Nobel Prize in Physics Awarded to Climate Field for the First Time - Tokyo's Vision for the Planet
Relationship Between Greenhouse Gases and Global Warming
Global warming refers to a phenomenon caused by the emission into the atmosphere of large amounts of gases called greenhouse gases, such as carbon dioxide, methane, and chlorofluorocarbons.
The Earth's surface is warmed by the sun's rays as they pass through the atmosphere. The warmed surface radiates heat, some of which is absorbed by these atmospheric greenhouse gases. Because the gases have a property that causes them to release the heat they have accumulated, the absorbed heat is returned to the ground and causes temperatures to rise.
Fortunately, the heat that is not absorbed is released into space, so the temperature of the Earth is maintained at a consistent level. The Earth's average temperature is currently around 14 degrees Celsius, but if there were no greenhouse gases, some calculations suggest that the average would drop to around 19 degrees below zero.
Greenhouse gases are often treated as "the bad guys" for causing global warming, but in fact they are important gases that greatly affect temperature. It is thanks to greenhouse gases that the Earth remains within a temperature range under which humans are able to survive.s
So, what exactly is the problem? The answer is the increasing concentration of greenhouse gases in the atmosphere.
As more greenhouse gases are added into the atmosphere, more heat is absorbed. In turn, more heat is returned to the ground, which increases the temperature of the Earth's surface. In other words, the key to solving global warming is achieving a balance between greenhouse gas emissions and their absorption (carbon neutrality).
Dr. Manabe's Research Helped Unravel Climate Change
Among greenhouse gases, the rapid increase in the concentration of carbon dioxide in particular is considered problematic. This concentration increased by more than 40% over the 260 years between 1750 and 2013; that is to say, the dramatic increase began with the start of the Industrial Revolution. Since carbon dioxide is emitted by burning fossil fuels like oil and coal, there have been growing movements in recent years to reduce carbon dioxide emissions through changes in human activity and lifestyles.
As more than 120 countries and regions have set the goal of becoming carbon neutral by 2050 and are promoting various initiatives, the awarding of the Nobel Prize in Physics to Dr. Manabe Syukuro, a leading researcher on global warming, has become a major topic of discussion.
The Nobel Prize selection committee cited Dr. Manabe's research being "fundamental to the modern study of climate" as the reason for his award. What exactly was his research? Put very simply, "his research revealed that an increase in carbon dioxide increases Earth's temperature, leading to global warming."
Global climate change is a very complex phenomenon to begin with. That is because changes occur one after another as heat and water vapor are exchanged between the atmosphere, oceans, and land.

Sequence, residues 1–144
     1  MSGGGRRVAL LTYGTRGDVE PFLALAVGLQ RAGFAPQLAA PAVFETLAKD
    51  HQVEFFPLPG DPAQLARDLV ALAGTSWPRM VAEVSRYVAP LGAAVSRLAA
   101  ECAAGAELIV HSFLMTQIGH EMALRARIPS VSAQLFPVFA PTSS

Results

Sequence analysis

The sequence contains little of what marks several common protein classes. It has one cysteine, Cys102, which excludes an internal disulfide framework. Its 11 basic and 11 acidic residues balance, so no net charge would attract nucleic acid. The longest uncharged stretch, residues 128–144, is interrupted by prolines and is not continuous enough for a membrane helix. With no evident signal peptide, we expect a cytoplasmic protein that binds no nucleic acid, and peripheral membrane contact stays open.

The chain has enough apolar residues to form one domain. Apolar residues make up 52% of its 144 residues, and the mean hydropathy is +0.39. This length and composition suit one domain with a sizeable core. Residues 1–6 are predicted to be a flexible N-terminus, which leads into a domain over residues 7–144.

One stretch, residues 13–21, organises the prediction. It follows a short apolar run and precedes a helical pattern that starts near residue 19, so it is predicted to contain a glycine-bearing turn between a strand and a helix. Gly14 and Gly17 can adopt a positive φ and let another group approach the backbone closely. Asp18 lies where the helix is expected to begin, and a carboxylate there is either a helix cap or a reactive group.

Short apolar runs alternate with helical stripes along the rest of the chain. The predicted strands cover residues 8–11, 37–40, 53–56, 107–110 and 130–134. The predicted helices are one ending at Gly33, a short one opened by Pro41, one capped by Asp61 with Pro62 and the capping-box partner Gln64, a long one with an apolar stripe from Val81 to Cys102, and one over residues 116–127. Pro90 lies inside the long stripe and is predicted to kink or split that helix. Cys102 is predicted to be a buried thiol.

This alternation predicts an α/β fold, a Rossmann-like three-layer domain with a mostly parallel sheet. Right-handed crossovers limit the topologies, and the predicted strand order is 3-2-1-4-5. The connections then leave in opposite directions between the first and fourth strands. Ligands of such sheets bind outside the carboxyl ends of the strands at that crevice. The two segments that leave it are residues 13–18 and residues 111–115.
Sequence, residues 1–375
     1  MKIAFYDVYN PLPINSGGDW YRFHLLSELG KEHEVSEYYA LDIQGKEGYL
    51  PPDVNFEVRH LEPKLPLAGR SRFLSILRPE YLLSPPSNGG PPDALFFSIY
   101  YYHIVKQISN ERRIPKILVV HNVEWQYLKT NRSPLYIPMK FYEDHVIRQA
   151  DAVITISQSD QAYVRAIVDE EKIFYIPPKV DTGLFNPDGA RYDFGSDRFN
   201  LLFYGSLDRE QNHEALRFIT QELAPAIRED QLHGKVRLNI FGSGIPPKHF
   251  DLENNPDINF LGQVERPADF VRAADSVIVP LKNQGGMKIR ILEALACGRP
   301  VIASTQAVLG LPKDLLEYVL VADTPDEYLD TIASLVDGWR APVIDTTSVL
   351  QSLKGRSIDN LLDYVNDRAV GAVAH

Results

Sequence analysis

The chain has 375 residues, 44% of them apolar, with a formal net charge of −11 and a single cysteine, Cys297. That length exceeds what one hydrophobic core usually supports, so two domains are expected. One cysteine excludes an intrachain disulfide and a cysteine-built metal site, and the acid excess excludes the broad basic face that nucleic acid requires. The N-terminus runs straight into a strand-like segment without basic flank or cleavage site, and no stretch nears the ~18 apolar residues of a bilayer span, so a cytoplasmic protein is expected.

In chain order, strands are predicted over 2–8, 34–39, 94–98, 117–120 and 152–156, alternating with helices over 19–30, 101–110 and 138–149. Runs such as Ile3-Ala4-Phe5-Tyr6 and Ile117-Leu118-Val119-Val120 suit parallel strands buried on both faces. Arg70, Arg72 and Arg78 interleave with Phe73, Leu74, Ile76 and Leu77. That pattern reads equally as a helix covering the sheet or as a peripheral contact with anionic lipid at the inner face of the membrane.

Dr. Manabe developed the world's first method of reproducing the Earth's climate using a mainframe computer by converting this complex relationship into a mathematical formula. Doing so made it possible to show numerically that the temperature of the Earth's surface rises in line with increasing levels of carbon dioxide in the atmosphere. This achievement became the foundation on which research on global warming and climate change has progressed.
Tokyo Moves Toward Zero Emissions
Until now, the Nobel Prize in Physics has been awarded only in the fields of astronomy, astrophysics, atomic physics, and molecular physics, making this the first time that the field of meteorology and climate research has been selected. A great deal of people will surely take an increased interest in climate change and global warming as a result of Dr. Manabe's award.
Everyone is participating in the fight against global warming. In January 2021, the Tokyo Metropolitan Government announced its intent to reduce greenhouse gas emissions in the city by 50% by 2030 (compared to 2000 levels) and to increase the proportion of electricity generated by renewable sources to around 50%.
To achieve this, the socio-economic structure of all sectors must be restructured and redesigned, shifting to a decarbonized model. In addition to the energy-saving and renewable energy expansion measures it has been implementing, the Tokyo Metropolitan Government has also been promoting initiatives across all areas that can be attributed to urban activity, such as measures against food loss and the use of plastics.
Aiming to realize a "Zero Emission Tokyo" that will contribute to the global net zero carbon-dioxide emission goal by 2050, the Tokyo Metropolitan Government will be comprehensive and proactive in developing mitigation measures to stop global warming and adaptation measures to brace for the effects of global warming that have already begun to occur.